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Peter T Chattaway

Upstream Color (2013)

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Link to our thread on Primer (2004) and A Topiary (in development).

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PRIMER Director Shane Carruth Preparing UPSTREAM COLOR For November Shoot
It's taken a while but Primer director Shane Carruth is getting back in the director's chair. While word surfaced last year about his upcoming scifi epic A Topiary that project has proven so large and complex to set up that while the pieces come together - and he assures that they are coming together - Carruth is currently planning to shoot a different feature in November.
Titled Upstream Color little is known about the project beyond that it is being described as a "romance / drama / thriller". The only other information available comes from the casting call notes: . . .
Twitch, October 11

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Sundance blurb:

Upstream Color
/ U.S.A. (Director and screenwriter: Shane Carruth) — A man and woman are drawn together, entangled in the life cycle of an ageless organism. Identity becomes an illusion as they struggle to assemble the loose fragments of wrecked lives.
Cast: Amy Seimetz, Shane Carruth, Andrew Sensenig, Thiago Martins
.

Website.

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Sundance blurb:

Upstream Color
/ U.S.A. (Director and screenwriter: Shane Carruth) — A man and woman are drawn together, entangled in the life cycle of an ageless organism. Identity becomes an illusion as they struggle to assemble the loose fragments of wrecked lives.
Cast: Amy Seimetz, Shane Carruth, Andrew Sensenig, Thiago Martins
.

Website.

I can't explain how excited I was when I saw this thread bumped.

I was priming myself (pun intended) for disappointment - but it was unnecessary.

Finally, another Carruth film!

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Tyler   

"My head is made of the same material as the sun"?

BTW, "Upstream Color" is currently trending on Twitter.

Edited by Tyler

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Looks like we have a Shane Carruth film about marriage on our hands.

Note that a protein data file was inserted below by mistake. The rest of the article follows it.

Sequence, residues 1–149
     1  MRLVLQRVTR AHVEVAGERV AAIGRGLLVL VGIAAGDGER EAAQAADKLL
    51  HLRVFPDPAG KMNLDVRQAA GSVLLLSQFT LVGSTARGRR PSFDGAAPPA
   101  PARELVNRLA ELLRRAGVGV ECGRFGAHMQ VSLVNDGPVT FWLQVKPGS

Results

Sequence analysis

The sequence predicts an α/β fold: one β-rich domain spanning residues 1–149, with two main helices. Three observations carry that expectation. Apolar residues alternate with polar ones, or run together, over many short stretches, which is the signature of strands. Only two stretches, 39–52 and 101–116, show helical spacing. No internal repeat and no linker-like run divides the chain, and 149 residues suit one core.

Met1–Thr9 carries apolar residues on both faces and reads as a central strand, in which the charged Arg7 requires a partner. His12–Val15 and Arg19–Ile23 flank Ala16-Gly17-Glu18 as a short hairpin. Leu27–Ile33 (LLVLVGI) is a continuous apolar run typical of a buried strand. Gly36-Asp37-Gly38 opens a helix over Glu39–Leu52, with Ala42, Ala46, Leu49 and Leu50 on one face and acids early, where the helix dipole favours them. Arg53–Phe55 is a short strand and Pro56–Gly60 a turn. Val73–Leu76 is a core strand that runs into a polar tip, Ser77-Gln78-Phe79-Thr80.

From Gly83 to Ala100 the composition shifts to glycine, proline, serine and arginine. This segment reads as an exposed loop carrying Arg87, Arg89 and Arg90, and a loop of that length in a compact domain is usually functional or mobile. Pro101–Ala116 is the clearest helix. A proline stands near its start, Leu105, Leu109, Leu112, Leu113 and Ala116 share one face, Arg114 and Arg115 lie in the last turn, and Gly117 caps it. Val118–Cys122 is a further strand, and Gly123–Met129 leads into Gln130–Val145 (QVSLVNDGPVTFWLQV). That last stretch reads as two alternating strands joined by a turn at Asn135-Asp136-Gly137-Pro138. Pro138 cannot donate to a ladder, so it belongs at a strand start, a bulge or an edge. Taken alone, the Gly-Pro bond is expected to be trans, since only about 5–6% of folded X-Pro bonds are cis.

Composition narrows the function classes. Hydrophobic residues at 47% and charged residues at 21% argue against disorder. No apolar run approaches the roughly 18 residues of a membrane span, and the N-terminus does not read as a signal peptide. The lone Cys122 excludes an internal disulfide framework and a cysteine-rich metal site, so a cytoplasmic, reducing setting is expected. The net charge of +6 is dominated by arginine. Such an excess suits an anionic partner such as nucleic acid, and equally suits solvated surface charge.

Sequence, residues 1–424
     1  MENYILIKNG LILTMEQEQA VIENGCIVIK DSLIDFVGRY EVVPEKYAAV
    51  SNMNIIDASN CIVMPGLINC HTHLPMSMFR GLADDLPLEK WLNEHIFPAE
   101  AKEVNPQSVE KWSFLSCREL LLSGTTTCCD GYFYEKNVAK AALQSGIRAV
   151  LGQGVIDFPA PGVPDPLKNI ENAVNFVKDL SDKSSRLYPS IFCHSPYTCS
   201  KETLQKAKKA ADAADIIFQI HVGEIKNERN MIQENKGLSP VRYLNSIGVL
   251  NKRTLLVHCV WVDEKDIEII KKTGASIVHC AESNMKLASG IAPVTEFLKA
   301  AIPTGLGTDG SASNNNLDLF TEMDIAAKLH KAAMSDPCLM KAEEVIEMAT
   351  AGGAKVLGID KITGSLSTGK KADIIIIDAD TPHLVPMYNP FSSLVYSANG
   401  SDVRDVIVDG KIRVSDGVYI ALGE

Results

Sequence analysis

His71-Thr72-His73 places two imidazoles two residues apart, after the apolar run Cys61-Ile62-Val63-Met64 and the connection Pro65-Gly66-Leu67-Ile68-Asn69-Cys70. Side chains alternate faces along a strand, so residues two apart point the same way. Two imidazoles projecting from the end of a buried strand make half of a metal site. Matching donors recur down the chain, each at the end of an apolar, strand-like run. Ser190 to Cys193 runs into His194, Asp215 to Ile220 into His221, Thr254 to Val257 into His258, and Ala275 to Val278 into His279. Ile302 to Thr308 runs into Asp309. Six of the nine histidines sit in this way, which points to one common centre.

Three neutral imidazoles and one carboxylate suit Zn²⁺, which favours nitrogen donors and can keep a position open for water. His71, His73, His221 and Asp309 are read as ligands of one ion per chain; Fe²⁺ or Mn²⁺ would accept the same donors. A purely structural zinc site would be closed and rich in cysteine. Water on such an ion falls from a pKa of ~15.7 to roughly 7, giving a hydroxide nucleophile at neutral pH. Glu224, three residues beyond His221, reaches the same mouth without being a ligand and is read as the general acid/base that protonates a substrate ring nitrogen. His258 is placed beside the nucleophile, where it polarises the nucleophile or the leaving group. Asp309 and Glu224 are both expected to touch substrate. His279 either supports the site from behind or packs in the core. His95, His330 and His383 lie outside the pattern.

And, if you ask me, it also looks like we have a possible contender for film of 2013 (this coming in late 2012, as it is).

It also looks like Carruth has studied some of Malick's techniques. I doubt this film will be accused of a lack of 'dirt' though.

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Disclaimer: Extremely passionate content ahead.

This film has so much potential.

This is the kind of thing I'd like to see Malick do. Not that I want (or expect) Malick to make a film that involves esoteric pharmaceutical processes, but I want to see Malick make a film that, for all its beauty, is also unsettling (which, some claim, is exactly what To the Wonder fails to do).

Here's a film that's obviously concerned with marriage and romantic relationships, and which appears to contain voice-over, that has something 'grounding' it (if that's even appropriate, given Carruth's work) other than the abstract idea of love itself.

.

To those making comparisons with "Signs," just stop (edit: no one has actually made a serious comparison, but I still think there's an interesting distinction to be made between how the two directors approach 'mystery). I like a lot of Shyamalan's work but the two have very little in common, stylistically speaking. Carruth makes highly technical films that, while confusing and convoluted, put everything out in the open.

Shyamalan, on the other hand, tries his hardest to conceal. I don't think Shyamalan could bear to make a movie that people might not 'get.' He has to make everything clear, even if it's in an artificial, cheap way. Carruth, on the other hand, is interested in presenting complex information to the audience and letting them make of it what they will (an approach that definitely has its limitations).

Plus, for my money, Carruth made a film for $7,000 that shows a better command of film technique and language than anything Shyamlan has ever done with millions of dollars. I can't wait to see how Carruth has been spending his time these last nine or so years, since Primer hit Sundance in 2004.

(All this from someone who loved Shyamlan, but realizes his films haven't aged well.)

Edited by Timothy Zila